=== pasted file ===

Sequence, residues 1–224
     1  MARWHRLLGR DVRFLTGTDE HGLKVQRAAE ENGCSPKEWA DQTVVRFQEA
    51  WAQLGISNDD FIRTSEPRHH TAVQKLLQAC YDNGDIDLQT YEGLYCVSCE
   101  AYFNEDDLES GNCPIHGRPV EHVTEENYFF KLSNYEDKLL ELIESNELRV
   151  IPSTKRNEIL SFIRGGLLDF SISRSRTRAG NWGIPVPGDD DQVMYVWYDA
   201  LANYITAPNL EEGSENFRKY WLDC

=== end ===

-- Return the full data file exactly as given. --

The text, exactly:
Sequence, residues 1–224
     1  MARWHRLLGR DVRFLTGTDE HGLKVQRAAE ENGCSPKEWA DQTVVRFQEA
    51  WAQLGISNDD FIRTSEPRHH TAVQKLLQAC YDNGDIDLQT YEGLYCVSCE
   101  AYFNEDDLES GNCPIHGRPV EHVTEENYFF KLSNYEDKLL ELIESNELRV
   151  IPSTKRNEIL SFIRGGLLDF SISRSRTRAG NWGIPVPGDD DQVMYVWYDA
   201  LANYITAPNL EEGSENFRKY WLDC